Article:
Dwarf West African Crocodile in a highwalk mode of locomotion.

Erpetosuchus originally from Scotland and recently found in the Newark Supergroup of Connecticut is an example of one of these early, terrestrial crocodylomorphs. On the right, "a" is the skull of Erpetosuchus from Connecticut, and "b" is the skull from Scotland (based on Olsen et al., in prep.). Scale is 5 mm. Erpetosuchus skull

Reconstruction of a galloping Erpetosuchus.

Running Erpetosuchus

IV. Ornithodira
Ornithodira cladogram

The Ornithodira are the bird-like archosaurs and they include dinosaurs, pterosaurs and incompletely known forms. As stated before their shared derived characteristic is a mesotarsal ankle.

The Pterosauria are the most completely known of the non-dinosaurian ornithodirans to arise in the Triassic. Their earliest appearance is from the Late Triassic of northern Italy, Germany, and Greenland.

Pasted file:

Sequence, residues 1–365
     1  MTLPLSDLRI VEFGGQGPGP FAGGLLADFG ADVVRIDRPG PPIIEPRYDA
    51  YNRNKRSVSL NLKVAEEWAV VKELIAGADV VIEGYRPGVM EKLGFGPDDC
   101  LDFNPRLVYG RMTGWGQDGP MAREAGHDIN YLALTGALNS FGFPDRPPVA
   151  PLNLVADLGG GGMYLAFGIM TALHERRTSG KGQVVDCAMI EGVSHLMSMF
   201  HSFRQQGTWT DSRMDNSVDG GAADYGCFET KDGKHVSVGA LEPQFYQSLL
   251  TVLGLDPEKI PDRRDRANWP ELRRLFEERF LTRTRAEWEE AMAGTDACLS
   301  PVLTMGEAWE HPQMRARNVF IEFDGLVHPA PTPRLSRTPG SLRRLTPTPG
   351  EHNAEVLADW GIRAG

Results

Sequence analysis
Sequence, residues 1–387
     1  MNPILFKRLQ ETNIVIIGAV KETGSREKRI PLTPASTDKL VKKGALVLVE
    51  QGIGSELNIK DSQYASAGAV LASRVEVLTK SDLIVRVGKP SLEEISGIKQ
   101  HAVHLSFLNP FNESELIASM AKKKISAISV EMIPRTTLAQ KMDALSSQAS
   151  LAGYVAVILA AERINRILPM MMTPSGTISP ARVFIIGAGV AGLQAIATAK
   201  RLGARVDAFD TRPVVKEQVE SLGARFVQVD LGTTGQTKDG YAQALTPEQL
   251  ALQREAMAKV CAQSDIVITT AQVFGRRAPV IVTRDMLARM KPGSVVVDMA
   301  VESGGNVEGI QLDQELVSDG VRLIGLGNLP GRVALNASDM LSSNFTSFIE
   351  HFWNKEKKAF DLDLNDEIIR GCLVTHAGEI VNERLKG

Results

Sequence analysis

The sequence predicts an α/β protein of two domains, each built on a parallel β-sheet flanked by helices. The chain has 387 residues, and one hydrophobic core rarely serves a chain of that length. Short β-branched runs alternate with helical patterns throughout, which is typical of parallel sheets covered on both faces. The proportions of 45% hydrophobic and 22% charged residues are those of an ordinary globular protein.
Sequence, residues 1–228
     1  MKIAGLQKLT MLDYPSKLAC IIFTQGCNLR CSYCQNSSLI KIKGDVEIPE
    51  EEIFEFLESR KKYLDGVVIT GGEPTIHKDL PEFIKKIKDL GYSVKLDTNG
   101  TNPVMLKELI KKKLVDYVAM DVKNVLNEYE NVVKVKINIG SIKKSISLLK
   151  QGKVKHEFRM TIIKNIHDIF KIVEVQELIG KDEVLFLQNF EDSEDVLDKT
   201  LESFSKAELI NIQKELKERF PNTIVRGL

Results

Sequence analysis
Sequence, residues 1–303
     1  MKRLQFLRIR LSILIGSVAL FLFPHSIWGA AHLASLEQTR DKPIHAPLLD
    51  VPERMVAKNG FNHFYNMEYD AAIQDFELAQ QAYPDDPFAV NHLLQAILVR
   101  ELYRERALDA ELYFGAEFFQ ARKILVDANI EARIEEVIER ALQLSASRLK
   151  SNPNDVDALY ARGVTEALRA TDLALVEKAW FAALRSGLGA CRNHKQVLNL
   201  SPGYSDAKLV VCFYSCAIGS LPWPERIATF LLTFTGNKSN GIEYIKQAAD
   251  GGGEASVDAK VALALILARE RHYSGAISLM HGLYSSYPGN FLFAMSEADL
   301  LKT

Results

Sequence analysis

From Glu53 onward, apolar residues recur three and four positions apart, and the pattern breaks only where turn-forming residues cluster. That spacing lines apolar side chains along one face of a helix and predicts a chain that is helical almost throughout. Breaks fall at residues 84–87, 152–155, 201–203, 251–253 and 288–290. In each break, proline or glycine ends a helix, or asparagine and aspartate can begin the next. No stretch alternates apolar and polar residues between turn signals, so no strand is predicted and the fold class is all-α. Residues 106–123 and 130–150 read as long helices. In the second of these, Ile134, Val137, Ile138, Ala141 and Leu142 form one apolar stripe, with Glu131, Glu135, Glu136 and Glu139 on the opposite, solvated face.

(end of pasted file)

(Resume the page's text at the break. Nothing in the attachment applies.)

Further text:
Their shared derived character is the very elongate finger that supports a wing. We will look at them in more detail in the next lecture.
Another early ornithodiran is Lagosuchus, known from several partial skeletons from the Ischigualasto Formation. It is a small lightly built animal with very long legs.


Reconstruction of the skeleton of Marasuchus (Lagosuchus), after Paul (1988). The brown color indicates the distribution of light armor and the manus is not preserved in the existing material (green).

Pelvis of Lagosuchus
Pelvis of Marasuchus; after Sereno and Arcucci (1994).
The pelvis has an acetabulum (hip socket) with an incomplete rear wall, similar but not identical to the open acetabulum seen in the Dinosauria. Marasuchus is probably quite similar to the common ancestor of both pterosaurs and dinosaurs.

V. Dinosauria

As we have seen, dinosaurs appear in the early Late Triassic (about 227 million years ago), with the oldest examples being from the Ischigualasto Formation. The shared derived character of the open acetabulum defines the Dinosauria.